Fractals in Nature: Self Similarity and Karma
20 Dec 2008
It wasn't until the last quarter of the 20th century that the scientific establishment began to understand the meaning of nature's fractal forms. This understanding is owed in part to Benoit Mandelbrot's solution to some age old mathematical monsters that defied the traditional geometric conventions. While I myself do not attempt understand the feedback loop equations that bring us the iconic fractal plots, the beauty of its understanding is not lost. Beauty in itself is not the only point of this exercise fortunately. I would like to plot a path to the harmony between our mind; its patterns and how nature can help us understand the relationship of a part to its whole.
Prototype and Production
What if nature was one unified mind made up of its myriad of individual parts, which together constitute the whole of consciousness? As parts, we identify with our own separate consciousness as the singular source of understanding in our lives. This separateness is simply the side effect of being apart. In the picture Prototype, the ice does not know its similar heritage to the leaf, Production Model. While we may see the visual similarities, the ego reels at the concept of nature emulating itself in two seemingly dissimilar forms of mater.
Understanding the fractal Nature
A pillar of fractal theory is the concept of Self Similarity. The concept of natural (and manmade!) forms being all fractal at all levels is quickly sinking into many fields of scientific inquiry. The repetition of patterns, expressed in the generated plots of feedback loop equations is the key to understanding Nature. As we see in this set of pictures, tips of tree branches are self similar in its repeated patterns. Notice the same in the tree as a whole in its companion photograph. Furthermore, we can clearly recognize the similarity between the two very different trees when viewed side by side. Surely by design! Surely Nature has arrived here after millennia of trial and error by reason. Only the fittest survive. A Miracle?
We view the whole, by examining the details
While this concept is seemingly paradoxical, Nature provides a visual touchstone with which the ego can affix itself for unfolding. Life itself is fractal; Thoughts are fractal in structure, theme, and concept. How many times in your life have you seen repeated themes in seemingly disparate situations? Do you glance at the clock only to find it reads a particular time more often than others? We arrive at many day to day solutions to problems by drawing on knowledge of the past, or other problems. Karma also can be conceptualized from afar through the lens of fractal theory. Repeated patterns, thoughts, actions, themes in our life, these are but one phase of karma. Fractal repetition from the unattended thought, to the wide overview of one's life can be understood by examining any part of the whole. I will not dwell here; I will leave you the reader, the part, to unfold our unified mystery. View the mountain and its blanket of trees, the rock and its accompanying shrubs.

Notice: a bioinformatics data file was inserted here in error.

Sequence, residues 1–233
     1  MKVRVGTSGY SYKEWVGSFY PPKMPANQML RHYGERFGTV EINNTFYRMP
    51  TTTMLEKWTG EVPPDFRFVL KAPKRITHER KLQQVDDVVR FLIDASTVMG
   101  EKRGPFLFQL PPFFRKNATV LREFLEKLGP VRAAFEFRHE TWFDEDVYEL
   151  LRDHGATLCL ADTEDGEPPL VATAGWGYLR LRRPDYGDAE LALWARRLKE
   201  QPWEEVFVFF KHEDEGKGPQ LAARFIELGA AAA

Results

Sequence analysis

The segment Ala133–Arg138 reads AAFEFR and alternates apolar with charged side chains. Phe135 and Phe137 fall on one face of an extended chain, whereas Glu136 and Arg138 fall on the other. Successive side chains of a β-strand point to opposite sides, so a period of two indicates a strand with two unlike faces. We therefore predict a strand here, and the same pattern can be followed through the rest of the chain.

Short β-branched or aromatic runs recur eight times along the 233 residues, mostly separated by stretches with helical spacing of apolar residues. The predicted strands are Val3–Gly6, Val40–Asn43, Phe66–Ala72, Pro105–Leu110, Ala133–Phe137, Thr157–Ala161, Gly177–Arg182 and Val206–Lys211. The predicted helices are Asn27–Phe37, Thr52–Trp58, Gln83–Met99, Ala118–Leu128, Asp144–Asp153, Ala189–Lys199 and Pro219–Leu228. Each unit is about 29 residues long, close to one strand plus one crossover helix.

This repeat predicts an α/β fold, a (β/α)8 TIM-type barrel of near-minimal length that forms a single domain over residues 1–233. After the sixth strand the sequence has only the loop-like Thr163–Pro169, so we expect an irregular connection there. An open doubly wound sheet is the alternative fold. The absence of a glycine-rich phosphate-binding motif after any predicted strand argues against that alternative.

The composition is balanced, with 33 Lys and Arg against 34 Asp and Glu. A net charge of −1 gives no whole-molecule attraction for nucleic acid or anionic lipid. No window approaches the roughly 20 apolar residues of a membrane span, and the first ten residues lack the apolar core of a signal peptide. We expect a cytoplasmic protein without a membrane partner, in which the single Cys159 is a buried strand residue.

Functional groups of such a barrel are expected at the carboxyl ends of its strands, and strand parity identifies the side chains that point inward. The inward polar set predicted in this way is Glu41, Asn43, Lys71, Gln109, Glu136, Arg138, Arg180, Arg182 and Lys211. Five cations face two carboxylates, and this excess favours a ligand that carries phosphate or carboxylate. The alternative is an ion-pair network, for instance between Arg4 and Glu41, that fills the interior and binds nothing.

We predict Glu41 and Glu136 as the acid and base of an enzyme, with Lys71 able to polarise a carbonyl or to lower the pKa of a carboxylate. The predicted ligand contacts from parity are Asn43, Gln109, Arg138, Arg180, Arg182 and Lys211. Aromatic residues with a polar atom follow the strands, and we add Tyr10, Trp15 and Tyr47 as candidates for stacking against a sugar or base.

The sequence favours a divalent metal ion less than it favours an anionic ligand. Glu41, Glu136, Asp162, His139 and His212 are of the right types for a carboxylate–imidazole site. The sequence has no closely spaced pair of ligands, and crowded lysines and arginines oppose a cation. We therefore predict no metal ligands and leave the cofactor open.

A shadow's mystery revealed in our veins
There are a number known ways to enlightenment of the mind. I spent some time with a shaman who espoused the concept of "Every action, every thought, every feeling a prayer." Using our fractal code and what we learned about thoughts previously, we might see how we can unlock these patterns through examination. We will use the working definition of prayer here to be: Examination through meditation, which gives rise the deep feeling of love that can only be felt when we accept we are but a part of the whole. Our true heart is given freedom as we rejoin the whole through this symbiotic relationship.
Fear and shame are the fractal shadow pattern outline of meaning and joy.
The innate human need for unity, community, kindred spirit has given rise to the concept of religion. This need is fulfilled when the ego realizes that by examining itself, accepting itself for the beautiful part of a whole it is. All thoughts are part of a whole, larger picture, linked by its neighbors. Indeed we are not parts, but connected to a whole, whose image is mirrored in our own thought-shape.
How can I understand this better?
New thoughts and concepts are always hard to fully grasp for all of us. The fractal nature of thought dictates that we must see continued repetition for the mind to understand the genetic helix of a concept. Nature has been at this for a while; you will never be able to grasp it all. . I'm sure some of what I talked about seemed obtuse to say the least. If in fact, you are intrigued by some of the concepts I talk about in this article, I encourage you to do a little research on fractal concepts and current theory. There is some really exciting work going on, for example did you know: In a forest the distribution of the sizes of individual trees exactly matches the plot slope of individual branches in a single tree?